As the start up culture grows and evolves rapidly in India, incubators in collaboration with educational institutions look to provide new companies a springboard to stability.
Today, a number of students from different educational sectors and institutions have unique ideas of how to solve a problem, target a certain market segment and accordingly run a successful and profitable business. Although jobs with established companies continue to remain popular, an increasing number of students are attempting to give flight to their ideas and build something from scratch. While the genesis of a new entrepreneurial venture is an innovative idea, the journey from inception to conception and finally consolidation is an arduous one, especially for students who are just starting out. Often, the strength of an idea is not enough to sustain a venture in this competitive and ruthless business environment. It is imperative that at such times, an idea receives appropriate help and guidance. That’s where an incubator can provide assistance.
An incubator is a formal organisation designed to help new businesses that are just getting started with regards to different factors like capital, office space etc. “Its sole purpose is to help entrepreneurs solve some of the problems commonly associated with running a start-up, and help accelerate their growth,” said Chandra Mauli Dwivedi, Director, NL Dalmia Institute of Management Studies and Research, that has recently started an incubator for their students.
Apart from physical infrastructure and capital, these incubators also help nascent ventures to network with relevant industry professionals as well as potential investors. “Hardcore tech start-ups struggle to get funding or industry attention because of the long gestation period. We try to build an environment to help in these areas,” says Poyni Bhatt, Chief Operations Officer, Society for Innovation and Entrepreneurship (SINE), the business incubator at IIT-B.
In addition to providing fully equipped office space at subsidised rates, SINE’s location at the IIT campus makes it easier for start-ups to access labs and other technical facilities. Such business accelerators help the overall economy of the country by contributing to employment.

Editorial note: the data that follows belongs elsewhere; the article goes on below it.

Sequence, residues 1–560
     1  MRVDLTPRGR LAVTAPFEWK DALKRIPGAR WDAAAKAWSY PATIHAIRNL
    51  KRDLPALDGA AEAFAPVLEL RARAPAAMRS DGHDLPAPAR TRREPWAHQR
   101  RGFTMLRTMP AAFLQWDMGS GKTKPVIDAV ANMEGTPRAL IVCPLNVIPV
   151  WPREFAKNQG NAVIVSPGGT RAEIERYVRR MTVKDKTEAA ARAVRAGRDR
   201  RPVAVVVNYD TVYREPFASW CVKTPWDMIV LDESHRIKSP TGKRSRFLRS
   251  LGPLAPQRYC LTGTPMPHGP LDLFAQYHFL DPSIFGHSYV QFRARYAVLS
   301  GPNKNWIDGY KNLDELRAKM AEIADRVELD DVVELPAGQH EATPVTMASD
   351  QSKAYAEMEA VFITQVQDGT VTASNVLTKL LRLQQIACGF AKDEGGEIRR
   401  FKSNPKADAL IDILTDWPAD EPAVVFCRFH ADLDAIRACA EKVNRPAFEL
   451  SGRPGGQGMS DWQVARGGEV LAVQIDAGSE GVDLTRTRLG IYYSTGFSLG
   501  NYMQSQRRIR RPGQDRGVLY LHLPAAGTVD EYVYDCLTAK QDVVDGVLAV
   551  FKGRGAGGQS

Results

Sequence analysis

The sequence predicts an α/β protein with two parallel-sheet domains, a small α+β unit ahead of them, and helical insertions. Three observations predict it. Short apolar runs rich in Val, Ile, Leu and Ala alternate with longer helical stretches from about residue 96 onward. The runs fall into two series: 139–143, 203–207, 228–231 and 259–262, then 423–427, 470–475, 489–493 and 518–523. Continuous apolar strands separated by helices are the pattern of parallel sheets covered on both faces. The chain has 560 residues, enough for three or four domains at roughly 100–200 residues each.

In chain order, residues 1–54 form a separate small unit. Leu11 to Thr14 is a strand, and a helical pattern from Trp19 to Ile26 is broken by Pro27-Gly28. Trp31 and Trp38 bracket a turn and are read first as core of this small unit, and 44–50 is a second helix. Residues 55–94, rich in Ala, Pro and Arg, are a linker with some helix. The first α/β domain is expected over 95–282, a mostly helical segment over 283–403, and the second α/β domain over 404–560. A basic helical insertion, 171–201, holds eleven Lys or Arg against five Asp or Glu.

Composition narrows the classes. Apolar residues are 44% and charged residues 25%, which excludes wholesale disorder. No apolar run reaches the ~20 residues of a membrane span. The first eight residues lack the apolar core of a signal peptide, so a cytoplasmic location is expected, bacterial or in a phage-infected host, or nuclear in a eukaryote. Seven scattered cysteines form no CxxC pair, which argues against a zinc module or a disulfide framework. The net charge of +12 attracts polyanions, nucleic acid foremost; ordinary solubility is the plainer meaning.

“Developing skilled entrepreneurs will not only engage the youth, but also accelerate employment,” says Ajay Ramasubramaniam, Director, Business Development, Zone start-ups, an incubator run jointly by the Bombay Stock Exchange and Ryerson University, Canada.
Incubators associate with a start-up for a fixed duration. For example, SINE provides assistance to a start-up for a period of three years, during which it provides an investment of Rs 20-25 lakhs in the form of a loan or equity. “After every round of investment the company receives, we try to help liquidate the stock,” says Bhatt.
According to Dwivedi, the type of association depends on the start-up idea. “Normally the tie-up is for a year, at the end of which, students are expected to take the model out of the campus to the market place. If the idea is promising enough, equity in the venture can be worked out,” he says.
So how does an incubator decide which start-ups to back every year? “We look for students with relevant passion, focus and relevant industry expertise. Complementary business, technical or even design skills also help,” says Ramasubramaniam. The business plan also plays a crucial role and is generally scrutinized by an internal as well as an industry specific external team. “We look for a plan that innovatively delivers the product or service to the market as well as the financial and human resource implications of the plan,” adds Dwivedi.
Stakeholders believe that the start-up scenario in the country has drastically changed both quantitatively and qualitatively. “The maturity of start-ups has increased in terms of understanding ideas, business plans, what it means to raise money from outsiders etc. It is a more vibrant ecosystem as compared to 2003,” says Bhatt.
Urjas, a student start-up that began under the aegis of SINE focuses on renewable energy technology for the masses. Since its inception in 2012, the company had to undergo a few permutations, during the course of which, the incubator’s help came in handy. “Such quantum changes can be painful. We received the much needed mentorship, emotional support as well as resource backing from SINE,” says Pradeep Podal, Founder, Urjas.
It is evident that incubators have played a significant role in encouraging student entrepreneurs. While the association may not be permanent and vary from a case to case basis, every arrangement looks to provide a suitable ecosystem, wherein a new business venture can thrive and flourish.